to focus on who the advisory group should include. The staff initially suggested appointing five people to the group: two Chamber of Commerce representatives, one resident at large, one transportation commissioner, and one planning commissioner. That did not sit well with groups such as the Lions Club, which runs the Farmers’ Market, and the Downtown Alliance, a coalition of business and property owners. Both have a vested

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10NThe AlmanacNTheAlmanacOnline.comNAugust 8, 2012

interest in downtown parking The question then arose as to and have been vocal in their how many members the task criticisms of the specific plan. force should have. Although no The Environmental Quality decision was reached, it seemed Commission also wants to par- seven might work, allowing ticipate in the hope of evaluating representatives from two more parking strategies in terms of groups to participate while greenhouse gas and other envi- maintaining an odd number of ronmental impacts, according members. to an email sent C ou nc i l ma n to the council by Andy Cohen C om m i s s ione r suggested stick‘I don’t want to Adina Levin. ing with five, but do this too fast.’ dropping the resiMr. Taylor said that the goal is to dent at large in COUNCILMAN RICH CLINE construct a task favor of adding force with a stable an environmencomposition that could remain tal quality commissioner, and intact throughout a lengthy pro- replacing another representative cess. He said the city therefore with someone from one of the focused on groups like the com- downtown groups. missions that had been around As it became clear that the task for a long time. force was not ready for prime But some on the council time, the council directed staff thought the groups had a point. to adjust the proposal and “The Lions Club has been return at a later date. “I don’t around a long time,� Mayor want to do this too fast,� CounKirsten Keith noted. cilman Rich Cline said. A

Local donations to presidential campaigns By Dave Boyce Almanac staff writer

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he presidential campaign of Barack Obama has raised $1.25 million in contributions from local individuals, nearly twice as much as the $682,832 the Mitt Romney campaign has raised, according to data through June 30, compiled by the Center for Responsive Politics, which tracks money in politics. These are contributions made directly to the presidential campaigns and do not include donations to other organizations that support the campaigns, such as political parties and super PACs. This report deals with contributions by people who report associations with ZIP codes from one of the four Almanac towns: Atherton, Menlo Park, Portola Valley or Woodside. There is an explanation for why the Romney campaign trails the Obama campaign by such a wide margin. Because Mr. Obama was running unopposed, donors to his campaign committee have been able to give the maximum ($2,500) for each election, both the primary and the general, a total of $5,000. That’s not true of Mr. Romney, who faced substantial opposition in the primaries. While he faced opposition, donors to his campaign committee could give only up to $2,500 for the primary election . Mr. Obama’s campaign has received 148 local donations of $5,000 each, whereas Mr. Rom-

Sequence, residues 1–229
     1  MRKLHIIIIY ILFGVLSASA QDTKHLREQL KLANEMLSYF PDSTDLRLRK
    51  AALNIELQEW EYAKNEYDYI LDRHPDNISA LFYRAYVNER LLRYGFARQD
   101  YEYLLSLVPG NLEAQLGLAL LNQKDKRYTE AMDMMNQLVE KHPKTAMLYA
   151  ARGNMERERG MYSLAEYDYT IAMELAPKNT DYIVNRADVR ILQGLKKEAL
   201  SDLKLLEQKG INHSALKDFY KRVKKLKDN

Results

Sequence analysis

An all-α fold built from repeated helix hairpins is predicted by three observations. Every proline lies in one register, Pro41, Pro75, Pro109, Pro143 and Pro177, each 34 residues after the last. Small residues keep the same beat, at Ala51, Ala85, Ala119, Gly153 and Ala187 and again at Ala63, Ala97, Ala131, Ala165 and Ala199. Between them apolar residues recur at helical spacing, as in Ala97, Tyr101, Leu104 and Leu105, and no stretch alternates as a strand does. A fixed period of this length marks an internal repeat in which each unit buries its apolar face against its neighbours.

N EL EC TI O N 2012

ney has received eight, according to the Center for Responsive Politics, the source of data for this story. The gap between the Obama and Romney campaigns narrows considerably when you look at only primary election donations and the individuals who gave the maximum $2,500 for the primary elections. In that case, Mr. Romney’s campaign raised about $493,000 from local individuals and Mr. Obama’s, $529,000. Using this measure, the candidates are essentially tied in Portola Valley in terms of dollar donations, while in Woodside Mr. Obama is up by 14 percentage points, and in Menlo Park by 34 points. In Atherton, Mr. Romney leads by 20 points. In addition to limits on donations to presidential campaigns, there are limits on contributions to a national party committee ($30,000 per calendar year) and to a state, district or local party committee ($10,000 per year), according to the Federal Election Commission. As for socalled super PACs, an individual may give an unlimited amount to advance a political point of view if the organization does not “coordinate� its efforts with a candidate or campaign. A

Obama campaign Following are local donors who have given at least $2,500 to Barack Obama’s

See DONORS, page 11

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Local donations to super PACs, bundlers Dave Boyce Almanac staff writer

A

few local people have been responsible for gathering and/or contributing hundreds of thousands of dollars to support the presidential campaigns of Barack Obama and Mitt Romney. For the Democrats, the money came in bundles. A bundler is someone who collects checks from individuals and delivers them as a bundle to a candidate. The Federal Election Commission requires disclosure of bundlers who are registered lobbyists. The Democrats are disclosing bundling by non-lobbyists, whereas Republican presidential candidates in 2012 have chosen not